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Hearts On Fire Sues CIRCA Over Barter Deal

By Rob Bates, News Director
Posted on March 24, 2014
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Hearts On Fire is suing CIRCA, claiming the New York City–based jewelry buyer overcharged it on advertising it agreed to place in exchange for merchandise.

According to the suit, filed March 20 in Massachusetts federal court, in June 2009, Boston-based HOF made a deal to sell merchandise to CIRCA in exchange for trade credit. CIRCA would then buy advertising for HOF using a combination of trade credit and cash.

HOF’s attorneys maintain this agreement was meant to benefit both parties. CIRCA could make the industry-standard 10 to 15 percent commission on the ad placements and could also sell the HOF merchandise for profit. (According to a copy of the agreement included in the court documents, “remarketing guidelines” stipulate the items could not be sold through jewelers, department stores, or online merchants that represent a “direct to manufacturer” relationship, like Ideeli or Rue La La.) From HOF’s standpoint, it could use merchandise, as opposed to cash, to fund its advertising and could buy placements for a cheaper rate through bulk-buyer CIRCA than it could for itself.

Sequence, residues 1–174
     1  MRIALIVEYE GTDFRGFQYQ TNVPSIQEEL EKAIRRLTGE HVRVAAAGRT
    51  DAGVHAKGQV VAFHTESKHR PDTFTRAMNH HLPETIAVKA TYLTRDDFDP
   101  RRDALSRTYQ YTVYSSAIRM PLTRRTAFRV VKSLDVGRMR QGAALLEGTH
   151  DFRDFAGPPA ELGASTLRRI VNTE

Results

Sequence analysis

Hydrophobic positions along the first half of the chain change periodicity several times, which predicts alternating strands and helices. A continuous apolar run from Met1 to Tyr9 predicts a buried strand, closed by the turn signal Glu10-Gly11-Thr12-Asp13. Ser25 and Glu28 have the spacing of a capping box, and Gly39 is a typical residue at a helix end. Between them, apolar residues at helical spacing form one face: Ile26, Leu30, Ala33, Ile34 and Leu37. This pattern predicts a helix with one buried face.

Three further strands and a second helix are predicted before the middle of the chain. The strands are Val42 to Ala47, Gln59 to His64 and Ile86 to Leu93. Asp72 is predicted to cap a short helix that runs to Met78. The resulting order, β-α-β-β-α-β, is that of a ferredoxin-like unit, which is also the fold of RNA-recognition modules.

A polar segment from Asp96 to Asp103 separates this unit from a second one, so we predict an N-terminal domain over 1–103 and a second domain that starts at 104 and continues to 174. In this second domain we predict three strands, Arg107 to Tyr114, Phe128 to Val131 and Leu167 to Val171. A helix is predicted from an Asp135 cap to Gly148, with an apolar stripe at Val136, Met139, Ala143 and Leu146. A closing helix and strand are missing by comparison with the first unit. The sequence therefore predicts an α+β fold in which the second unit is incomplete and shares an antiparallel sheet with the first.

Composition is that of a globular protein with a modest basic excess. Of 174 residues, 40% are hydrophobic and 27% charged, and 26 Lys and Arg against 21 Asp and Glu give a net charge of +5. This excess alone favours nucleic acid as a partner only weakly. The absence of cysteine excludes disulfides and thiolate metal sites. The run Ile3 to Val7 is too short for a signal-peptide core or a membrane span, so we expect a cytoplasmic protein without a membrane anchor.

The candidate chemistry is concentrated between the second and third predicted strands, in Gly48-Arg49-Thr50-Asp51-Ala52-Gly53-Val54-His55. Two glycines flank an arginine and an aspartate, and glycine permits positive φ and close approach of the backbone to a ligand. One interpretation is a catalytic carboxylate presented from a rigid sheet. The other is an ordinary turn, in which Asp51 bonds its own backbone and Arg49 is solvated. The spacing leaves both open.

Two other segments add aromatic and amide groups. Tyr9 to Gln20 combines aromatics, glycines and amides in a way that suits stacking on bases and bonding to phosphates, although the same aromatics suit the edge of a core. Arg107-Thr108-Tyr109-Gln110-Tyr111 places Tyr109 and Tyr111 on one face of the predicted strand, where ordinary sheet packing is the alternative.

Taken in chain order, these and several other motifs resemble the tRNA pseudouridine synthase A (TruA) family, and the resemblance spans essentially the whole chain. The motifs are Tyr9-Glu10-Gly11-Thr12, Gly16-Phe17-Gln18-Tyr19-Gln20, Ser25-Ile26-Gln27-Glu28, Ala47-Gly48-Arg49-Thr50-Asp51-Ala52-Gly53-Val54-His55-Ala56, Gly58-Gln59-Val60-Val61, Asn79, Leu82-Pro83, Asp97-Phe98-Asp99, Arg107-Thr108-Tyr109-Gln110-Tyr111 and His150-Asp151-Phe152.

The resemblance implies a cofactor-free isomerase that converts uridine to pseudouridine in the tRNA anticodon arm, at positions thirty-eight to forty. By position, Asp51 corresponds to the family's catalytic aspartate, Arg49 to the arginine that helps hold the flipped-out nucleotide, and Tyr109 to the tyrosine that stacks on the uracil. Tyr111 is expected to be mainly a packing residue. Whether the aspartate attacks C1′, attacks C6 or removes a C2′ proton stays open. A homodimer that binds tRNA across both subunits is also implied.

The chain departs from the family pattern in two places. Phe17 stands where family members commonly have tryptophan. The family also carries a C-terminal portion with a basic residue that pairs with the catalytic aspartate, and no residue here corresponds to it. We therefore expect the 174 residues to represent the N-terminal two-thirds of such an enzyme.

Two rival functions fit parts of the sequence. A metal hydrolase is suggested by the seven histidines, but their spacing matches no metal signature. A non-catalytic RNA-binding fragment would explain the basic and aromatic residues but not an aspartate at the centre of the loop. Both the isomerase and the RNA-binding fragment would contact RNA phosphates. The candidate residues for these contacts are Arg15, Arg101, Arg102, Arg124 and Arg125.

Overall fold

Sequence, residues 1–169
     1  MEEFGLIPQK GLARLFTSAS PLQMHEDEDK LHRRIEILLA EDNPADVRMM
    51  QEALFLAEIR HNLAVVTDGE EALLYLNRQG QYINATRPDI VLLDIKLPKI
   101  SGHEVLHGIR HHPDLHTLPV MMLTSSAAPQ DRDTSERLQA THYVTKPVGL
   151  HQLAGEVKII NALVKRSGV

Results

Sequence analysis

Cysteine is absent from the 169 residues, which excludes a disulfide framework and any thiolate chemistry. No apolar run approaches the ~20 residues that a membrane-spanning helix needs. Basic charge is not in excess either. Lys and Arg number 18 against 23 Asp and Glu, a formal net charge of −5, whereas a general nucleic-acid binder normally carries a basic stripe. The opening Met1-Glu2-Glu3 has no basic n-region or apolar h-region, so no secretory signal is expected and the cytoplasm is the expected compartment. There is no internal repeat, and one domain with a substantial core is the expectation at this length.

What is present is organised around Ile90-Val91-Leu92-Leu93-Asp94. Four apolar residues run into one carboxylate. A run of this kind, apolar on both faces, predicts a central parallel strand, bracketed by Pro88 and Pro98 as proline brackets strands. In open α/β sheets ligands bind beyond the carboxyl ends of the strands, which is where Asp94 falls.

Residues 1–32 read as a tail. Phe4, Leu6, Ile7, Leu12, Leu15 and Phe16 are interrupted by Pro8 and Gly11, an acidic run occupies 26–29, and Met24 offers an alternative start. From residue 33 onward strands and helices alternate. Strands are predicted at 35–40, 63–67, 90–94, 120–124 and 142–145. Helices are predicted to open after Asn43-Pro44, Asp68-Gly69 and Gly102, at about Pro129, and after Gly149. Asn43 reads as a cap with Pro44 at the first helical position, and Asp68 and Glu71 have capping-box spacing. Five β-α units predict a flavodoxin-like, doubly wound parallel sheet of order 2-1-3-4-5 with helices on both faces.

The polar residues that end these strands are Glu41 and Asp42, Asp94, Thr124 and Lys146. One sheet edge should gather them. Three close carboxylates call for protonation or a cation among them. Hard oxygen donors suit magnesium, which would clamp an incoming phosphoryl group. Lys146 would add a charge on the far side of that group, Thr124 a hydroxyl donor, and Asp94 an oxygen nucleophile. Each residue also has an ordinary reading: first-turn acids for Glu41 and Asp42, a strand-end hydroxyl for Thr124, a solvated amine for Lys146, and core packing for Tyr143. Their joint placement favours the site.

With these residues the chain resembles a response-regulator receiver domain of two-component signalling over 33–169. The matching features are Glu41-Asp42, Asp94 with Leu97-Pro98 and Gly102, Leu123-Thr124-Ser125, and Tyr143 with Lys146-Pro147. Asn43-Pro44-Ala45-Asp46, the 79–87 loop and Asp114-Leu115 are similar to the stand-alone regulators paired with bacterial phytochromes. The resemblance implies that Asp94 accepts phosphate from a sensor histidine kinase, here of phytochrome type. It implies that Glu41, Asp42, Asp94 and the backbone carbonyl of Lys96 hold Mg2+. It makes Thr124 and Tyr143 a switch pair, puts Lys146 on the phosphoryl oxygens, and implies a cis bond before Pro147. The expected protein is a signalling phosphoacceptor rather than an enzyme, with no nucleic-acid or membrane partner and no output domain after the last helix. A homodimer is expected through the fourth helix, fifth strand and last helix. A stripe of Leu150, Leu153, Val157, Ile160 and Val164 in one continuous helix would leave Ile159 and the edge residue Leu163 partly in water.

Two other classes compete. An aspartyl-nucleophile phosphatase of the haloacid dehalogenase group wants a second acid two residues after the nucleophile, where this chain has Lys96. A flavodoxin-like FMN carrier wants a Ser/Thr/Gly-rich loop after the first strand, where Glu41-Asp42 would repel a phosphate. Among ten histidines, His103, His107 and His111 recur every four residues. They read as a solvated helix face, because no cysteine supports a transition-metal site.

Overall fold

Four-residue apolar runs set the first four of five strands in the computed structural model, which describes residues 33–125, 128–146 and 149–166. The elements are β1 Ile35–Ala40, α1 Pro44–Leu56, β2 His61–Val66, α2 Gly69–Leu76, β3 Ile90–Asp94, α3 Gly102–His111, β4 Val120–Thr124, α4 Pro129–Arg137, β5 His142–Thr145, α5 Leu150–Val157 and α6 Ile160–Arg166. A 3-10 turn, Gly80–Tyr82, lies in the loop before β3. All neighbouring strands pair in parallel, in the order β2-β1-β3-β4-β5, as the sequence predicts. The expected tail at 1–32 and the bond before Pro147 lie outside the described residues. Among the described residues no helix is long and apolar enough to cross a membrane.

The deal ended in fall 2013. Ultimately, the legal papers say, HOF provided CIRCA with $4 million worth of merchandise, and CIRCA invoiced it for $8 million in advertising.

When the deal ended, HOF’s lawyers say the company found it could buy advertising cheaper on its own than using CIRCA’s wholesale rates. The suit claims that CIRCA charged as much as 60 percent commission on the ad placements, in excess of the agreed-upon 15 percent. According to the papers, CIRCA maintains its ad costs are proprietary. CIRCA is also said to claim that HOF still owes it money under the agreement. 

The suit charges CIRCA with breach of contract, breach of covenant, and claims HOF has suffered $2 million in damages.    

At press time, CIRCA has not answered the complaint in federal court and did not respond to a request for comment from JCK. HOF declined further comment. 

The case was originally brought by HOF in Massachusetts state court but was moved to federal court by CIRCA.

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